Wage Gaps Don’t Magically Get Smaller Because Big Data
The title is Big Data, Smaller Wage Gap? and, you know, it almost gives us the impression that she has a plan to close the wage gap using big data, or alternatively an argument that the wage gap will automatically close with the advent of big data techniques. It turns out to be the former, but not really.
After complaining about the wage gap for women in general, and after we get to know how much she loves her young niece, here’s the heart of the plan (emphasis mine, on the actual plan parts of the plan):
Analytics and microtargeting aren’t just for retailers and politicians — they can help us grow the ranks of executive women and close the gender wage gap. Employers analyze who clicked on internal job postings, and we can pursue qualified women who looked but never applied. We can go beyond analyzing the salary and rank histories of women who have left our companies. We can use big data analytics to tell us what exit interviews don’t.
Facebook posts, Twitter feeds and LinkedIn groups provide a trove of valuable intel from ex-employees. What they write is blunt, candid and useful. All the data is there for the taking — we just have to collect it and figure out what it means. We can delve deep into whether we’re promoting the best people, whether we’re doing enough to keep our ranks diverse, whether potential female leaders are being left behind and, importantly, why.
That’s about it, after that she goes back to her niece.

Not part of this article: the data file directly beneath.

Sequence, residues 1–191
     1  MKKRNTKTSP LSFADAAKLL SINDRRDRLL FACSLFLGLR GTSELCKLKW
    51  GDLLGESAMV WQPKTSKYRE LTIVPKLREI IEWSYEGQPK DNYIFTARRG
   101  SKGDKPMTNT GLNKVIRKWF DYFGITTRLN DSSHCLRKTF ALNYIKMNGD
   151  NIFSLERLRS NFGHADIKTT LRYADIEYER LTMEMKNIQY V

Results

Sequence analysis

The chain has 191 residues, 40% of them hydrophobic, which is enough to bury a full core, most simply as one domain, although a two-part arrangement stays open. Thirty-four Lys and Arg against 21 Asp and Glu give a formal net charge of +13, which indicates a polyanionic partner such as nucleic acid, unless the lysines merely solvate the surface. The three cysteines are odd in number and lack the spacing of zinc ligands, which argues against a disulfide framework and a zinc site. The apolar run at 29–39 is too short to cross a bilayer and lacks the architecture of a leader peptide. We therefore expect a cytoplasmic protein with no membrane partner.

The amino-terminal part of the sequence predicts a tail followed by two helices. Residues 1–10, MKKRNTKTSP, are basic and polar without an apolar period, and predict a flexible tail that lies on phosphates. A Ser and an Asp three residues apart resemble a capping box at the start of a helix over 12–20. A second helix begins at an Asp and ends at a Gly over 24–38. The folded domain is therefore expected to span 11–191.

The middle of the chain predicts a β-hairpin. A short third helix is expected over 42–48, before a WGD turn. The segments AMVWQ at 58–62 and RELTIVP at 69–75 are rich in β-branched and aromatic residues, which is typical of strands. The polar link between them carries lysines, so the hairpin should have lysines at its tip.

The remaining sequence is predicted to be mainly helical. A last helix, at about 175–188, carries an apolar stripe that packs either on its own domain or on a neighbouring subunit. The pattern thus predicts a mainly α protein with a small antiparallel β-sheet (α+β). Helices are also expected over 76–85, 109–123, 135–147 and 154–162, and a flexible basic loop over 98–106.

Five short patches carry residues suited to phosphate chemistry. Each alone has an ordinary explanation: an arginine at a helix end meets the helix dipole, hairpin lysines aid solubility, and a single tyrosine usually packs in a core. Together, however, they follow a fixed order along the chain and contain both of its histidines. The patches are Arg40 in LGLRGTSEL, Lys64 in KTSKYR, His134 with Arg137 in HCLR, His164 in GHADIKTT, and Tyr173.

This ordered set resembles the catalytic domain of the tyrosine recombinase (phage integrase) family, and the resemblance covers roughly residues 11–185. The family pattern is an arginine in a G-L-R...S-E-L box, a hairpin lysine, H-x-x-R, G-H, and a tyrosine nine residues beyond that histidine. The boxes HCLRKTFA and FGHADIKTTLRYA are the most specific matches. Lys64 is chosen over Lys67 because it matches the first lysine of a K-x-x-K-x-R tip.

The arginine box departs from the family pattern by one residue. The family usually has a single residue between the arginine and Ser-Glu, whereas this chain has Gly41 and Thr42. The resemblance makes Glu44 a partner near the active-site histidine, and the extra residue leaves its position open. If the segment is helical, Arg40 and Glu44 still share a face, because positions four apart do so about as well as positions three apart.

Here’s the thing, I’m not saying it’s not an important topic, but that plan doesn’t seem worthy of the title of the piece. It’s super vague and fluffy and meaningless. I guess, if I had to give it meaning, it would be that she’s proposing to understand internal corporate sexism using data, rather than assuming “data is objective” and that all models will make things better. And that’s one tiny step, but it’s not much. It’s really not enough.
Here’s an idea, and it kind of uses big data, or at least small data, so we might be able to sell it. Ask people in your corporate structure what the actual characteristics are of people they promote, and how they are measured, or if they are measured, and look at the data to see if what they say is consistent with what they do, and whether those characteristics are inherently sexist. It’s a very specific plan and no fancy mathematical techniques are necessary, but we don’t have to tell anyone that.
What combats sexism is a clarification and transparent description of job requirements and a willingness to follow through. Look at blind orchestra auditions for a success story there. By contrast, my experience with the corporate world is that, when hiring or promoting, they often list a long series of unmeasurable but critical properties like “good cultural fit” and “leadership qualities” that, for whatever reason, more men are rated high on than women.